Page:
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Teaching Tips 2

Friendly listening
Promoting specific language work in freer oral activities

Friendly Listening
If you ask most stds learning English which areas they find most difficult they are likely to say listening, speaking & vocabulary. Listening tends to top the charts & rightly so. Generally speaking, apart from you talking, the stds tend to listen to cassettes or if they are lucky the odd video. The cassettes are very difficult as there are no paralinguistic or situational clues available i.e. you can't see the speakers, the setting & all the messages that body language convey.

Here are a few ideas to help 'lighten the load' for your stds & make it more success oriented & enjoyable:

1. Sink the stds into the theme - warm them up to the what they might hear e.g. if the text is about schools then you could brainstorm vocab connected to it & briefly chat about their school experiences. They'll be more relaxed & receptive to the listening activity.

2. Pre-teach crucial vocab - i.e. the vocab which is necessary for meaning & the tasks.

3. Give an extensive task - we always listen for a purpose - a couple of questions that require them to listen very generally to the text first time they listen.

4. Make the tasks challenging but manageable.

5. Let them compare their ideas in pairs each time before general class feedback.

6. Choose interesting texts for the stds.

7. Tell the stds which skills you are helping to develop with the tasks you are setting so that they know why they are doing them.

8. Keep telling them about 'prominence' - the stressed words - they don't have to understand everything.

9. Match the task to the text - think about what a native speaker would do when listening to the text & transfer that to the tasks you plan.

10. Get them used to a lot of listening.

11. Try to pitch the texts you use well - don't make them too difficult - it can be demoralising. Think about speed of delivery, cultural familiarity, background noise, accents of the speakers .

12. Take into account the stds on the day - are they tired, hot? etc. - & act accordingly.

13. Have the scripts at hand if you are worried they may find it too challenging - they can then listen & read at the same time.

14. Be sympathetic to their problems with listening.
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Do you timetable your lessons? It's easy to let the coursebook do it for you but that's not really taking full responsibility for the course you're providing - the coursebook writer didn't write the book for your particular group of stds. You need to see how your stds' needs are being met & how a balance & variety of skills & input are being kept.
Here's a timetabling procedure to start you off:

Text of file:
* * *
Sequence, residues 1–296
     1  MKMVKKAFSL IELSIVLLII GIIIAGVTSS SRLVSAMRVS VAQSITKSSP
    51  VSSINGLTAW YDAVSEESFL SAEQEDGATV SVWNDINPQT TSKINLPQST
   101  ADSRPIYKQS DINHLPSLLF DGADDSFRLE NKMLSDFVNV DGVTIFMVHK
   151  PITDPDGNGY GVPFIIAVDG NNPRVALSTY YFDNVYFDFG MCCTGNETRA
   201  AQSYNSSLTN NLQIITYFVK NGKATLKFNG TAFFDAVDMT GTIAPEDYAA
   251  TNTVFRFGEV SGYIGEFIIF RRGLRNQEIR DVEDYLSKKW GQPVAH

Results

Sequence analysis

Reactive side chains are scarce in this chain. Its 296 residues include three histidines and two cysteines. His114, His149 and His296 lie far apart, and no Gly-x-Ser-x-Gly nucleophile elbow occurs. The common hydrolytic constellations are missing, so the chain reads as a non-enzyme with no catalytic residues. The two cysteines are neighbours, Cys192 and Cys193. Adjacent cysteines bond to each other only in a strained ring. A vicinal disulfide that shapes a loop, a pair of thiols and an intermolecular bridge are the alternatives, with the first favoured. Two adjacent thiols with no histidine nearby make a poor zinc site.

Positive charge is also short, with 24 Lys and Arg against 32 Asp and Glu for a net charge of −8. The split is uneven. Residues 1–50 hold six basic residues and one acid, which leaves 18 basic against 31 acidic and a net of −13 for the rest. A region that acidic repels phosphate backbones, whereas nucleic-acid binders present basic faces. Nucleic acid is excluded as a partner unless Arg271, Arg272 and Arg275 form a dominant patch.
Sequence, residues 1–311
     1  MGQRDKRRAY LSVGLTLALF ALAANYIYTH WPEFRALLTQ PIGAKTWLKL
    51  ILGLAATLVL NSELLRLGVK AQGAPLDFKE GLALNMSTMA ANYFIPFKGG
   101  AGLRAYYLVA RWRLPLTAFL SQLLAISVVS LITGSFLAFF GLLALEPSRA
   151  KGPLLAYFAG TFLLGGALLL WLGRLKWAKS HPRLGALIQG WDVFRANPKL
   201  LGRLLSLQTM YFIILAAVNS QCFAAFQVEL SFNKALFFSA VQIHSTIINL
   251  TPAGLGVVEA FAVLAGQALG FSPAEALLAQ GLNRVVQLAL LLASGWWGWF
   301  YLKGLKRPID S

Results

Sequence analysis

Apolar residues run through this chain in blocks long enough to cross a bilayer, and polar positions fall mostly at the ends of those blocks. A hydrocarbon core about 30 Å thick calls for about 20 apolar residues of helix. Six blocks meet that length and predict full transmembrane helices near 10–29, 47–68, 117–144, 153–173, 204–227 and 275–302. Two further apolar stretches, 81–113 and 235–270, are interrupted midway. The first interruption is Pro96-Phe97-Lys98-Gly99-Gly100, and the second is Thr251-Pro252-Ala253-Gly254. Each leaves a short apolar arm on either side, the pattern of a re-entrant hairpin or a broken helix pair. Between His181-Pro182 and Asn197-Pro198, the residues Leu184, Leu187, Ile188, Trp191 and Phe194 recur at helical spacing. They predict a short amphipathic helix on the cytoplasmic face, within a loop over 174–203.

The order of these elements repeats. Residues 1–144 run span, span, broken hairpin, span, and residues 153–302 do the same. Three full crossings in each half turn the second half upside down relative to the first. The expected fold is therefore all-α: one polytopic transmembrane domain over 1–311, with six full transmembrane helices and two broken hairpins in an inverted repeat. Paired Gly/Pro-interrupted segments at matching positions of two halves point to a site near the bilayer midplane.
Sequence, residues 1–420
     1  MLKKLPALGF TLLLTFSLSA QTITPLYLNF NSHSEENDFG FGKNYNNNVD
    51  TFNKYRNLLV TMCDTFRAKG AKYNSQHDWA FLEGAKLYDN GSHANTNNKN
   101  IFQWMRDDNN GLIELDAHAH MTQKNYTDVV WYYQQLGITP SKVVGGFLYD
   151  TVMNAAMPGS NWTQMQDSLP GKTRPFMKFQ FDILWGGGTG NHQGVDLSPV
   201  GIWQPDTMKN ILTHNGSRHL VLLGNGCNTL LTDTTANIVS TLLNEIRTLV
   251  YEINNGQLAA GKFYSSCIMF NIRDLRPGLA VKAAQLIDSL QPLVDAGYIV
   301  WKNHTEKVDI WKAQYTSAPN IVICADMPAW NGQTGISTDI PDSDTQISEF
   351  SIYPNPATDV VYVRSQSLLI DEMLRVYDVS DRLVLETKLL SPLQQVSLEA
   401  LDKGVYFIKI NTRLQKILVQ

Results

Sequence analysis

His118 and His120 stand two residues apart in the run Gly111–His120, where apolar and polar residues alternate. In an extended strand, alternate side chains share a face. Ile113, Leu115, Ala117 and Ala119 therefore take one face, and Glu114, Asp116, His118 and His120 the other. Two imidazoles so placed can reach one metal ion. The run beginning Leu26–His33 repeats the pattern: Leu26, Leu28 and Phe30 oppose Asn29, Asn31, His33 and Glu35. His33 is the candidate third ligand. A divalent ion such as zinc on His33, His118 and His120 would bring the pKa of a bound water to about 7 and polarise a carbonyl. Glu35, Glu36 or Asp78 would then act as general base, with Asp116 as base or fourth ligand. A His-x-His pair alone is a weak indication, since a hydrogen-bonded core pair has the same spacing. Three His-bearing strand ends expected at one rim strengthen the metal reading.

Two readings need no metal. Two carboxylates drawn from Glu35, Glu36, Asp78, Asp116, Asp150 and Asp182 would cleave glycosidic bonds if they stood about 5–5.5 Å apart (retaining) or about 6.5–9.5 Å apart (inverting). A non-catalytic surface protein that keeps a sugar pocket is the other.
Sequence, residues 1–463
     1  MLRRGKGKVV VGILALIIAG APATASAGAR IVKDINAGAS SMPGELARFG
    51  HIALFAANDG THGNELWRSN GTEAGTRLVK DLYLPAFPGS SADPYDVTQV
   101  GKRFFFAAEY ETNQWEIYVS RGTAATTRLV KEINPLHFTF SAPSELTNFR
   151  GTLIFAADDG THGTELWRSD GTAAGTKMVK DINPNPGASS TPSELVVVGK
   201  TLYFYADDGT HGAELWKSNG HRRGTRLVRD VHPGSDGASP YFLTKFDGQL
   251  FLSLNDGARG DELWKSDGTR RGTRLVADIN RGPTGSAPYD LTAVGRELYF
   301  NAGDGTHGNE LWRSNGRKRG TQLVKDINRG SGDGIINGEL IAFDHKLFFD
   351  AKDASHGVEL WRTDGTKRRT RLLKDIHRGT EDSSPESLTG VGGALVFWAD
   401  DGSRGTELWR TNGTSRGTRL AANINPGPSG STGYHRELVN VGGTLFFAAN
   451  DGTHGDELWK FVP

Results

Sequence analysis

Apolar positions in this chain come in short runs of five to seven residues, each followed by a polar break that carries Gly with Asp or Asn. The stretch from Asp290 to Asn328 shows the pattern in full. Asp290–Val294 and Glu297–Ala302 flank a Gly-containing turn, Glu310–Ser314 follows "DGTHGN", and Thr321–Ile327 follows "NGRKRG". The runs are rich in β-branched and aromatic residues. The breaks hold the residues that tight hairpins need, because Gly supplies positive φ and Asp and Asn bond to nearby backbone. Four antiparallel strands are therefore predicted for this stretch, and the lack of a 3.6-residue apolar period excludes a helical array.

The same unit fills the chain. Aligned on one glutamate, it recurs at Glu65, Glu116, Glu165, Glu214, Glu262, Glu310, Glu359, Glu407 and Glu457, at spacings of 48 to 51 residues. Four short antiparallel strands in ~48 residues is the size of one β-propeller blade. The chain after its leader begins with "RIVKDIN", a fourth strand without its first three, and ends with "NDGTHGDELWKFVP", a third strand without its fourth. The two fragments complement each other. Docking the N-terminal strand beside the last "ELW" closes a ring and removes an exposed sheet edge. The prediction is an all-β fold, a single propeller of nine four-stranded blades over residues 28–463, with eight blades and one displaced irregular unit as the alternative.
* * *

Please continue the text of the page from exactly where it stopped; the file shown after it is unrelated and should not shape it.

1.Draw up a grid - make a box for each lesson over the 2/3 week period.

2.Put in the fixed things like time in the library, computer room, language lab, tests, project work etc.

3.Think back to what you've done over the past two weeks.

4.Think about what your stds need re. language, skills & interests.

5.Look at what's coming up next in the coursebook.

6.Decide what might be useful & what to discard.

7.Decide if there's anything from the last two weeks/month that you can incorporate - recycling.

8.Fill in the skills work - the listening, speaking, writing & reading.

9.Fill in the 'input' - the language work - grammar, function & vocabulary.

10.Look at the balance & change things around.

11.Write 'Provisional' at the top of the page! Try to follow it but be flexible at the same time.

12.Give a copy to each std - they can then mentally prepare themselves before each lesson.

Apart from being a logical stage in the course planning, it saves a lot of time in the long run. All you have to do each day is plan the lesson, rather than run through the timetabling decisions every day.
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Promoting specific language use in freer oral activities
You've designed a freer oral activity but the stds don't come out with the language you wanted them to practise. They use language that they are comfortable with & not the newer language you introduced in the last lesson/week.
So what are your options? There are several things you could try:

A: Give them some planning time. Let them think for a couple of minutes about what they're going to say. This does make it more of a controlled activity but the classroom is a place for rehearsals. (1)

B: Tell them that after the activity you're going to choose a pair to re-do the activity in front of the class. This will make all of the stds pay much more attention to what they are saying - it puts a bit of healthy pressure on. (1)

C: Before the activity focus the stds directly on the language areas you want them to practise - by eliciting or telling. Why wait to see if they can come out with it - just tell them the aim of the activity - e.g. 'I'd like you to use 'going to' to talk about your plans - do you remember we looked at this in the last lesson'. This again will focus them a lot more than just leaving it to chance.

D: While they are doing the activity go round & handout slips of paper to the stds with the bits of language you want them to practise. Give different pieces of language to different stds - in this way you can deal with the different level stds in the group i.e.. Give the more able stds more complex items. You could even give them the paper before beginning with the instruction that they must use their piece of language at least two/three times in the activity.

Try them all & experiment.
(1) For more on these points check out articles by Pauline Foster & Martin Bygate in 'Challenge & Change in Language Teaching' - eds Willis & Willis (Heinemann)

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